In the middle of August, we have this well-known Gospel, which echoes powerfully with us as a parish,  in the ‘holiday season’ trying to maintain contact with our candidates – feeling we are battling against the odds…..  And He made us get into this wretched boat and go on ahead while he dismissed the crowds (yes, dismissed!) and went up into the hills for a nice quiet time by himself!  We quite fancy a nice bit of quiet ourselves.

Well, in this story there is room for both – time for quiet refreshment in the ‘sheer silence’ on the hillside (Community Bible translation of ‘gentle breeze’ (in 1 Kngs 19:12) and with the psalmist to ‘hear what the Lord has to say, a voice that speaks of peace’,  and time for battling with our own fears and immaturity as we attempt to move forward with the process of initiation. 

On reflection, perhaps rather than highlighting Peter’s doubt, it is is his courage and faith that is emphasised when he says in the height of the storm on seeing Jesus walking towards them, ‘Order (or ‘tell’)me to come to you’ and Jesus says ‘Come’ and he climbs out and gives it a go!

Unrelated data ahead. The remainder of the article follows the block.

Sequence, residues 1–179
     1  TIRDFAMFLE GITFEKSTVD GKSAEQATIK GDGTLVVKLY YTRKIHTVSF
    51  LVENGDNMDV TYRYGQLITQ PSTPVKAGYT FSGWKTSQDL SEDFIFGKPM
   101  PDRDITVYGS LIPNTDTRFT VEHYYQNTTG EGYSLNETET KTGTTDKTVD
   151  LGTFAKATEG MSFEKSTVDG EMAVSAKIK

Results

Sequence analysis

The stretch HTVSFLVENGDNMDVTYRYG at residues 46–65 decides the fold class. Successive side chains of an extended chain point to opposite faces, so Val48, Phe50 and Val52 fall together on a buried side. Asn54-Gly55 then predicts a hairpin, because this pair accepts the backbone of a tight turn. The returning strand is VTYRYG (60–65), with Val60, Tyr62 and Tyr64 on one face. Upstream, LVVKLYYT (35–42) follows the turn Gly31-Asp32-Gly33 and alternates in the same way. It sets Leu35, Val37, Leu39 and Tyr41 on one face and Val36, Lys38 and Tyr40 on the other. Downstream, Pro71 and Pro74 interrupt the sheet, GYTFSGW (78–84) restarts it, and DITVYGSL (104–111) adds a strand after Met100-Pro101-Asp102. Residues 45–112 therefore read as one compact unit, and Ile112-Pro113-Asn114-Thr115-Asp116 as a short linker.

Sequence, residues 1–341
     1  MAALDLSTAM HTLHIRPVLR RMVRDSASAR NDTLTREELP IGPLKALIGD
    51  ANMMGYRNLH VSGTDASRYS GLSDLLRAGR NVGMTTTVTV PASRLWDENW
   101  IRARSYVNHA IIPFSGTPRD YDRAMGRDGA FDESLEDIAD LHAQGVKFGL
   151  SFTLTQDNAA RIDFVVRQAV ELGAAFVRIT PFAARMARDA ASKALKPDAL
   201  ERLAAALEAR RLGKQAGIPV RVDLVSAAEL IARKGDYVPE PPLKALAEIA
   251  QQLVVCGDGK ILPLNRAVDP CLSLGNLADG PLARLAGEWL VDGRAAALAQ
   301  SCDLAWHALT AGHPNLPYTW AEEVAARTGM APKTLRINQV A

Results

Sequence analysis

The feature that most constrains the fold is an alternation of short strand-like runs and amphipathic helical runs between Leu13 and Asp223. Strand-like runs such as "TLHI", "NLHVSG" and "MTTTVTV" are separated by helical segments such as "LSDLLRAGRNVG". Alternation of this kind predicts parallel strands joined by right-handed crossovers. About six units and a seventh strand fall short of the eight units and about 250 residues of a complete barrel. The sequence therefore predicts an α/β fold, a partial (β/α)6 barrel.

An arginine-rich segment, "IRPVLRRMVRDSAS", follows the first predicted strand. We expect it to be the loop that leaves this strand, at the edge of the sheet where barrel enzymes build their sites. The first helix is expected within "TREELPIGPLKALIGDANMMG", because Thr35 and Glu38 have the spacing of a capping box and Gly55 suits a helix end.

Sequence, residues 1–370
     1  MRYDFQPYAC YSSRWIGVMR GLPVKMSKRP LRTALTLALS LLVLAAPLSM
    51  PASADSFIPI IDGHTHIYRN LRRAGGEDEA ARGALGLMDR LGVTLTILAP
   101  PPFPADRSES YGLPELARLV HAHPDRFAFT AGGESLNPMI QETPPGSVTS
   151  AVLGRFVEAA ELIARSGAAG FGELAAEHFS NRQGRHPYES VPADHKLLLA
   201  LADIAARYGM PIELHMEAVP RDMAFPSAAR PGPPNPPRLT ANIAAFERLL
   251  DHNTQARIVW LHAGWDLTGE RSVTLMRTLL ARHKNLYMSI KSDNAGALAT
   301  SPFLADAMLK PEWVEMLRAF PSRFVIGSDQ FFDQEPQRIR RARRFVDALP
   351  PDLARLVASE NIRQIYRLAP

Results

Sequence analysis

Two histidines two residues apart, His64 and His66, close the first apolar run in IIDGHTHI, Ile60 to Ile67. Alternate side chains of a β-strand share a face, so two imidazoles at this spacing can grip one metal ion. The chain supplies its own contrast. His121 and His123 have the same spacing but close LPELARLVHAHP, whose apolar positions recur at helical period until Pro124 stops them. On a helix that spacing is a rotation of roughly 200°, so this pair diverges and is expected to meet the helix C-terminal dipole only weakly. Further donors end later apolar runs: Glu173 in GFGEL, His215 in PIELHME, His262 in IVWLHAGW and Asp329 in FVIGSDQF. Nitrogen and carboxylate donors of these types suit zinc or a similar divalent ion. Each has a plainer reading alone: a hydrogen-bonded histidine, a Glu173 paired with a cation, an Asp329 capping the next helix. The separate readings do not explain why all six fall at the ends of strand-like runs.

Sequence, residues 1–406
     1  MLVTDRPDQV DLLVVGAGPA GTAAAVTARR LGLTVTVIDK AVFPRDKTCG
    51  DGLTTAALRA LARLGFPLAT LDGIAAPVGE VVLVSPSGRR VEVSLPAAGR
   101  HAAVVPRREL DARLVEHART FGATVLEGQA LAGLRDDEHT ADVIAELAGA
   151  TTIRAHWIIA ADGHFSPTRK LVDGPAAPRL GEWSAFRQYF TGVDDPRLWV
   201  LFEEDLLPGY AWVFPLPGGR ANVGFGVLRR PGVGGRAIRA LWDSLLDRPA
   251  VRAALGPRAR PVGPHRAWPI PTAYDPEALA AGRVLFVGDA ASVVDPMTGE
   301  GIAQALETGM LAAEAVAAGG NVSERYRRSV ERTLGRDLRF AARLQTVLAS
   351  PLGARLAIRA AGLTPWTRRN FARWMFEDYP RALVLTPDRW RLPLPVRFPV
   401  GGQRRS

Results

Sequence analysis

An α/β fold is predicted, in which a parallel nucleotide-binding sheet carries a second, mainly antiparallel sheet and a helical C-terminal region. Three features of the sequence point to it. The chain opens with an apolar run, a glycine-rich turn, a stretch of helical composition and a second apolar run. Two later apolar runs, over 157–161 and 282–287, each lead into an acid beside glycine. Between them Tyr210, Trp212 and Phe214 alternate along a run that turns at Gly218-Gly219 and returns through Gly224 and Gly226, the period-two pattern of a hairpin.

So what have we been ‘giving a go’ this Summer?  The ‘group’ has not been meeting to break the Word, which could be seen as a disapointment.  However, the sponsors have been alongside our candidates these last weeks, sitting with them at Mass, bringing them to parish picnics, prayer vigils for Zimbabwe, and pilgrimages to local shrines, as well as continuing to share on the Sunday Gospels over a coffee, and telling stories of their own experience, for example, of reconciliation, as this sacramental opportunity approaches for the one who is to be received into full communion in September (on the Feast of the Triumph of the Cross – most appropriate for him).  Our neophyte has got married – so that has been a great joy in the whole parish community.  He specifically wanted the recitation of the Creed in the nuptial mass because it has come to mean so much to him.   So on reflection, the community and the candidates have been quietly getting on with the business of helping ‘those who are searching for Christ in the various circumstances of daily life’. (RCIA9)  Perhaps, gradually we are moving towards a more liturgical/mystagogical apprenticeship!